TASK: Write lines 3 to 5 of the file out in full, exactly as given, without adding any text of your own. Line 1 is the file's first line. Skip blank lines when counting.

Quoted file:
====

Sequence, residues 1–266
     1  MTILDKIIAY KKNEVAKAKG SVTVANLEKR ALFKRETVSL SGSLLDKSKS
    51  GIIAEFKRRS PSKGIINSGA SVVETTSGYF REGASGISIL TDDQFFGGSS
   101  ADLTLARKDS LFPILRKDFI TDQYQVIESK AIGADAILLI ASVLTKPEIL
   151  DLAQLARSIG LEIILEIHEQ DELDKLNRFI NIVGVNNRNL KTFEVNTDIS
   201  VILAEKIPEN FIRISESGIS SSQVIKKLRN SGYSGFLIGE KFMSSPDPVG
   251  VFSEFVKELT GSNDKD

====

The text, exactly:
    51  GIIAEFKRRS PSKGIINSGA SVVETTSGYF REGASGISIL TDDQFFGGSS
   101  ADLTLARKDS LFPILRKDFI TDQYQVIESK AIGADAILLI ASVLTKPEIL
   151  DLAQLARSIG LEIILEIHEQ DELDKLNRFI NIVGVNNRNL KTFEVNTDIS